Villaraigosa defends association with Fix the Debt campaign
This article was originally on a blog post platform and may be missing photos, graphics or links. See About archive blog posts.
Los Angeles Mayor Antonio Villaraigosa defended his decision to join the Fix the Debt campaign, a national bipartisan lobbying group, even as an online petition calling for him to quit the group surpassed 8,000 signatures.
On Tuesday, Villaraigosa announced that he would be the first Democrat now in office to join the campaign, praising the group for its attempts to pursue “practical solutions” to the mounting national debt. By Wednesday, thousands had petitioned the mayor to step down from the group’s steering committee, arguing that the campaign favors corporate tax reductions and cuts to entitlement programs -- traditionally Republican stances.
In a statement released Wednesday night, Villaraigosa defended his association with the campaign.
‘As a progressive Democrat, I joined the Campaign to Fix the Debt because Democrats and Republicans need to come together to find a balanced approach to our fiscal future,’ Villaraigosa said.
‘There are tough decisions ahead and the only way that we are going to find long-term solutions is by stepping out of our ideological boxes and reaching out to a broader coalition to get something done’
Tthe petition organizer acknowledged the need for bipartisan solutions to the debt crisis, but insisted that the Fix the Debt campaign was not the solution.
“Fix the Debt is not bipartisan,” said Angela Garcia Combs, 50, of Hollywood, who began the online petition demanding Villaraigosa resign from the campaign.
Combs, who said she had always voted for Villaraigosa and worked for his 2005 mayoral campaign, said she first began researching Fix the Debt after reading an article about the mayor joining. She said she was shocked to learn the mayor had joined a coalition that advocates drastic cuts to Social Security and the easing of corporate tax rates.
She began the petition at Signon.org, a site run by the progressive organization Moveon.org. Its wording, addressed to Villaraigosa, reads: “Fix The Debt’s corporate backed approach to gutting our social safety net is dangerous. You should be working towards a balanced approach that will not hurt working and middle class families.” The Fix the Debt campaign bills itself as a bipartisan lobbying group aimed at solving the nation’s debt crisis and was founded by Democrat Erskine Bowles and Republican Alan Simpson, co-chairmen of President Obama’s 2010 deficit-reduction commission.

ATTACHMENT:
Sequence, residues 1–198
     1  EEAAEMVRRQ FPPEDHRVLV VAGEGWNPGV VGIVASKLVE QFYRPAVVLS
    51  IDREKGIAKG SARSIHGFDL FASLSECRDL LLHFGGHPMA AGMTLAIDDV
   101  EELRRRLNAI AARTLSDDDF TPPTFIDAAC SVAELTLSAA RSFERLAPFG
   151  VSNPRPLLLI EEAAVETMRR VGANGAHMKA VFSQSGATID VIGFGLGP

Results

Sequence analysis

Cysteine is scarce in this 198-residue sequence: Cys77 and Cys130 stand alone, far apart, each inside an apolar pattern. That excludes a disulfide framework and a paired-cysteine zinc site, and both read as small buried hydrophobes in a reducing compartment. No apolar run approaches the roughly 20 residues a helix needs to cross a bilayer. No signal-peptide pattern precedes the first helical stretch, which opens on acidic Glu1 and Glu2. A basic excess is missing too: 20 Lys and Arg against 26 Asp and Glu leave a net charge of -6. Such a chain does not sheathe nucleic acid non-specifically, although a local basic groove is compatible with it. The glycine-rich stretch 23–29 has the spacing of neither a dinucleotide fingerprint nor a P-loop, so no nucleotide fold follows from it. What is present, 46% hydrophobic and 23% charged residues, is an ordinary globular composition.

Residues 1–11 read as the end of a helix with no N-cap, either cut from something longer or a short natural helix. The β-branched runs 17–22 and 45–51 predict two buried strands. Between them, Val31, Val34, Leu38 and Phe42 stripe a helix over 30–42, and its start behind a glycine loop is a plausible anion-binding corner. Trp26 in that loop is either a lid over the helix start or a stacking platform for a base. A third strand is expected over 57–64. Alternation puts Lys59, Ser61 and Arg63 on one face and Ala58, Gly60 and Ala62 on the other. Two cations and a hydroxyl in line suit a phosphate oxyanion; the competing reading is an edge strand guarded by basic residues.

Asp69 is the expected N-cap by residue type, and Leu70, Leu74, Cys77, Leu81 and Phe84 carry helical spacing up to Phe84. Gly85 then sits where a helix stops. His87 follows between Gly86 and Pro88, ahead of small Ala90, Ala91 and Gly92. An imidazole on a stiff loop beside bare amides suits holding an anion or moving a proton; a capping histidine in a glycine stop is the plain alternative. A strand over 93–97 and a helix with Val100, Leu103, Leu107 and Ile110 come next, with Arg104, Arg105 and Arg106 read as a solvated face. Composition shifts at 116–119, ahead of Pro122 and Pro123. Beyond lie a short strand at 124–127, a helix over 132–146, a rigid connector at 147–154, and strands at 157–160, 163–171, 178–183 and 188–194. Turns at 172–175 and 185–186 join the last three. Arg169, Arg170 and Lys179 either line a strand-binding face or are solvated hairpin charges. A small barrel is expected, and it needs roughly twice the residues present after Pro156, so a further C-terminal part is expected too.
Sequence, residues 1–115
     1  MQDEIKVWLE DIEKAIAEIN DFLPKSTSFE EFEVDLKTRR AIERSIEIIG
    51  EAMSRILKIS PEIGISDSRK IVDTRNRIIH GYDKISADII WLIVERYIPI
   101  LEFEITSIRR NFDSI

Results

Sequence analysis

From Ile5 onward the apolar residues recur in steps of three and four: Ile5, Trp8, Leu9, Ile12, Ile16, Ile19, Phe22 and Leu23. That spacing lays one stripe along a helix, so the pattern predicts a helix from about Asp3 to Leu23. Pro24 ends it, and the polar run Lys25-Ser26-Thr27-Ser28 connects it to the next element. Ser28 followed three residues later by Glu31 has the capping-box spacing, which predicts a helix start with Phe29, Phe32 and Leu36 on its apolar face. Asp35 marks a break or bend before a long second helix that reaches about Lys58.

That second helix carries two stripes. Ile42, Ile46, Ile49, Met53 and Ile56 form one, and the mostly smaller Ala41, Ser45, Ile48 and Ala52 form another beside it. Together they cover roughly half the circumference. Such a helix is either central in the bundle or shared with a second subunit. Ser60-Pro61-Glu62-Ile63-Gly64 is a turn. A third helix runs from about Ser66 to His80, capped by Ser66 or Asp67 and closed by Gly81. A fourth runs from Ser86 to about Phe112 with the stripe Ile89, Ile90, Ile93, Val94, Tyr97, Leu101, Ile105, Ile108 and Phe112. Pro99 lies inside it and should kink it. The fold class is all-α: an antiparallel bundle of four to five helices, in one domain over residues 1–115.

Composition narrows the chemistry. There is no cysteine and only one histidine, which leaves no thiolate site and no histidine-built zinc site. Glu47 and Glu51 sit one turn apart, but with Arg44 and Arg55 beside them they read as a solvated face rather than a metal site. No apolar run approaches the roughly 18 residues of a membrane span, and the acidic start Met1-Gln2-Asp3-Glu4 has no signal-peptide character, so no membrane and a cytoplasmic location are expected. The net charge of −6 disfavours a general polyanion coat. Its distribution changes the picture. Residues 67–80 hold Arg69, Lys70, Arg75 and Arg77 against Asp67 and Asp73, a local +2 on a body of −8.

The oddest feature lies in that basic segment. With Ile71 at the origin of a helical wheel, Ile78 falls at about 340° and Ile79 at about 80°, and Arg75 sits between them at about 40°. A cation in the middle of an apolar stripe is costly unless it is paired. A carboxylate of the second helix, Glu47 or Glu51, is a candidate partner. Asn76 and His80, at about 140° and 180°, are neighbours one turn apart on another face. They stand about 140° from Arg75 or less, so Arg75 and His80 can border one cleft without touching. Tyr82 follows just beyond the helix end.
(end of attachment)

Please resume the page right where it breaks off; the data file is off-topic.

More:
Villaraigosa has previously called for a “radical middle” when it comes to solutions for the nation’s economic problems, and in announcing his partnership with the campaign noted that it advocates a mixture of spending cuts, raising revenue and entitlement program reform.
In the statement released Wednesday, the mayor said a debt solution must include infrastructure investments, secure retirement benefits, a social safety net and a tax burden on the wealthy that is in porportion to their income.
‘That’s why I join President Obama in advocating a balanced approach that includes spending cuts and letting the Bush tax cuts expire for the top 2% of Americans,’ he said.
The campaign has earned the support of more than 80 chief executives –- including the leaders of Microsoft, Time Warner, Citigroup, Goldman Sachs and Bain Capital -- and has amassed a war chest of more than $60 million that it has used to buy print, digital and outdoor advertisements.
But Fix the Debt has come under fire from many on the left. Critics say the group is backed almost exclusively by corporate bigwigs looking to line their pockets with further tax breaks while passing the burden of the national debt onto those who rely on services such as Medicare and Social Security.
The Institute for Policy Studies, a progressive Washington, D.C.-based think tank, declared the campaign a “Trojan horse for massive corporate tax breaks” in a study released earlier this year.
The study noted that the companies and executives backing the campaign stand to gain as much as $134 billion if Congress approves one of their primary proposals, a “territorial tax system” -– which would exempt companies from paying a federal income tax on foreign earnings when they bring those profits back to the U.S.
‘They are feathering their own retirement nests while trying to deny ordinary Americans — including their own employees — their hard-earned nest eggs,” Scott Klinger, coauthor of the report, said in a release. “They’re simply taking advantage of the so-called ‘fiscal cliff’ to push the same old agenda of more corporate tax breaks while shifting costs onto the poor and elderly.”
Another major proposal of the campaign is to “reform earned benefit programs” which opponents have largely interpreted to mean large-scale cuts to Medicaid, Medicare and Social Security benefits.
‘The mayor is now in corporate pockets,” Combs said. “We Angelinos voted him in. He can’t have us vote him in and knock on doors for him and then go join a group that wants to cut Social Security.”
She started the petition Tuesday night, and emailed the link to a few friends. While it didn’t catch on at first –- accumulating about 40 signatures by Wednesday morning -- by the afternoon the petition had grown to thousands.
Combs said she believes Villaraigosa’s decision to join the campaign is likely to shore up support and donors for a future political run, but added that she thinks it will hurt him in the long run.
“Nobody is going to believe that he’s for the working people if he’s trying to fix the debt on their backs and through their Social Security and with their money,” she said.
Man identified in suspected hanging, decapitation
Atty. Gen. Harris says federal deportation program goes too far
Billionaire alumnus gives $50 million to Claremont McKenna College
-- Wesley Lowery at Los Angeles City Hall